And I finally ironed the embroidery patterns onto the white hoodie – these adorable little birdies are from Sublime Stitching by Jenny Hart. Cute, eh? I do love that satisfying slurpy sound of thread being pulled through fabric on an embroidery hoop.

Next up: birthday crowns and bunting for various birthdays. But first I must buy some felt!

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Since our little family has just recently returned from a wonderful camping trip near Tofino (Keaton’s an excellent little outdoorsman, even with an ear infection!), and we’re still shaking the sand out of our shoes and dealing with the laundry piles, I figure, why not combine my Thursday and Friday blogging rituals in one fell swoop?

Recipe Thursday: Bleu Cheese Sauce

Okay, I’m somewhat sheepish to admit that this is another Laura Calder recipe – am I a little obsessed with her or what? Tee hee. Josh and I were watching her show the other day, French Food at Home (on the Food Network, of course), she whipped up this fabulously simple yet totally tasty Bleu Cheese Sauce. She served it over thinly sliced beef (we did, too), but it would also taste amazing with pasta, as a warm salad dressing, or whatever else your little heart desires – as long as you like stinky bleu cheese, of course!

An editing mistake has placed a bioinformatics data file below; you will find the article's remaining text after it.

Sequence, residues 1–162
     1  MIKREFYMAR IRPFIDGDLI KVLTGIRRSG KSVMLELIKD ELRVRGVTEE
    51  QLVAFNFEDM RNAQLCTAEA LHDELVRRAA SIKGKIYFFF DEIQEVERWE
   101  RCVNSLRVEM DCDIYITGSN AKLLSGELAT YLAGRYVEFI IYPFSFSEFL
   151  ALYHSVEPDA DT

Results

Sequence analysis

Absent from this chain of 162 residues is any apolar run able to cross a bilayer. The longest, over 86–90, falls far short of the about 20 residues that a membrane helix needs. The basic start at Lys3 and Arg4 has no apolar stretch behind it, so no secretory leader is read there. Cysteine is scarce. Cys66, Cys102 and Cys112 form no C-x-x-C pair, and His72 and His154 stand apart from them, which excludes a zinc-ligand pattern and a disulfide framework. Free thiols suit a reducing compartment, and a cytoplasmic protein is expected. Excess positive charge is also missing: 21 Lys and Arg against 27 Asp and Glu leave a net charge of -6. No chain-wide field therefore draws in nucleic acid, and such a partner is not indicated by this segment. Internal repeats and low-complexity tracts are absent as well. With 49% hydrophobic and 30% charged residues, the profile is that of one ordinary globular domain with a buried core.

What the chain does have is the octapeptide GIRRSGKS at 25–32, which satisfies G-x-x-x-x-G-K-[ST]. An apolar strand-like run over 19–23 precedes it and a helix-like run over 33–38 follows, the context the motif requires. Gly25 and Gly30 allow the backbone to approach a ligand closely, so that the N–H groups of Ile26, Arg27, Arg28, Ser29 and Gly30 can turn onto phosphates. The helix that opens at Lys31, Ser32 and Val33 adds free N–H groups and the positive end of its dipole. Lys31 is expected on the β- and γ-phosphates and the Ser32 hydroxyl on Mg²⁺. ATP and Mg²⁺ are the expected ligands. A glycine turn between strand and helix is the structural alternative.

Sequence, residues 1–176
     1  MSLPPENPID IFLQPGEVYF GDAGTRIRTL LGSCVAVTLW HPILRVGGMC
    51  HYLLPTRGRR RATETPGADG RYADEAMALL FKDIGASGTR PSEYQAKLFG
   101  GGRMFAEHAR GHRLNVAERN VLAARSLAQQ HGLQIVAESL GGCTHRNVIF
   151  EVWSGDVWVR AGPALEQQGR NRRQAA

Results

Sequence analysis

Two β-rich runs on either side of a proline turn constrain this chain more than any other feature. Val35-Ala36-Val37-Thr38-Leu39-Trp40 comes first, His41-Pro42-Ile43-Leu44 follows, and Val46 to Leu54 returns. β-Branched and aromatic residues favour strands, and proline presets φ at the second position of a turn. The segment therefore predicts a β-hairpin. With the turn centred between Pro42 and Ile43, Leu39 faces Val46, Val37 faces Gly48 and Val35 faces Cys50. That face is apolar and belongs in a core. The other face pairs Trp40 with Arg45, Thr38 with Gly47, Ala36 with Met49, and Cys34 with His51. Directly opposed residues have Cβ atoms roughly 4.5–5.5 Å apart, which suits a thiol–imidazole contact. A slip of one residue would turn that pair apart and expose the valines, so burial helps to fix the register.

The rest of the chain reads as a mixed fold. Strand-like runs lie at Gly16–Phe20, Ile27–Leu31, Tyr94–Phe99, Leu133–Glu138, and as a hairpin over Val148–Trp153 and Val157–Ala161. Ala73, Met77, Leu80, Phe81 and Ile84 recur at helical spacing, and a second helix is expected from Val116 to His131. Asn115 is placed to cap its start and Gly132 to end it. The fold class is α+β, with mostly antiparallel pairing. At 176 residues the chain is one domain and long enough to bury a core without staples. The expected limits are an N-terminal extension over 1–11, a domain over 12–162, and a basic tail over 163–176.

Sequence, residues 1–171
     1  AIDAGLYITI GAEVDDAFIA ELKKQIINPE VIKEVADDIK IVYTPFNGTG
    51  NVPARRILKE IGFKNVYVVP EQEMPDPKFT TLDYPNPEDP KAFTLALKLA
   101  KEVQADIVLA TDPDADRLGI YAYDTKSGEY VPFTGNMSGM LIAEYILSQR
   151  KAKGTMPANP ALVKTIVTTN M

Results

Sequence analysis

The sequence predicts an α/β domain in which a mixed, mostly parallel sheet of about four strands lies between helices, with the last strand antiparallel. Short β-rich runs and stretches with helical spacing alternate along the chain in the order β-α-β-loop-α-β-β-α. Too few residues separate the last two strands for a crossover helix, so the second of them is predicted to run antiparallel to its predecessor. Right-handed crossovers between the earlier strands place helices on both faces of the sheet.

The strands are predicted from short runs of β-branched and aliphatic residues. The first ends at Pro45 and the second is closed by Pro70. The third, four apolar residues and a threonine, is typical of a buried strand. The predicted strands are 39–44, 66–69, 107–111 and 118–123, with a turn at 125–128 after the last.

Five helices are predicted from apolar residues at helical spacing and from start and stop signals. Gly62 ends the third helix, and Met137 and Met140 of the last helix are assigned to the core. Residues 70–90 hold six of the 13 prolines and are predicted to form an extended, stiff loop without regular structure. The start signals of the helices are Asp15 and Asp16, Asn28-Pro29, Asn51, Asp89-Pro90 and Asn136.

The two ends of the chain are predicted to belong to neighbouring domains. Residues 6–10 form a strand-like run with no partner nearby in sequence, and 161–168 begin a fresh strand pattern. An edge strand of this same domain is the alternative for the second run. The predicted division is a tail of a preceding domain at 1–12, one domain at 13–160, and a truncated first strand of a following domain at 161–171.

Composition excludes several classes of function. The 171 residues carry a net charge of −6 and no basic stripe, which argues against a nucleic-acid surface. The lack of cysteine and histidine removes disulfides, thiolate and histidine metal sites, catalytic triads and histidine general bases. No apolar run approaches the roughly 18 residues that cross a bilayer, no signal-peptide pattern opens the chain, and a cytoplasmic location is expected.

To make it, all you have to do is whisk together equal parts bleu cheese and heavy cream (whipping cream) in a saucepan over medium heat until well-blended and a little bubbly. Pour over whatever you want it on, and enjoy. So very tasty!

This Moment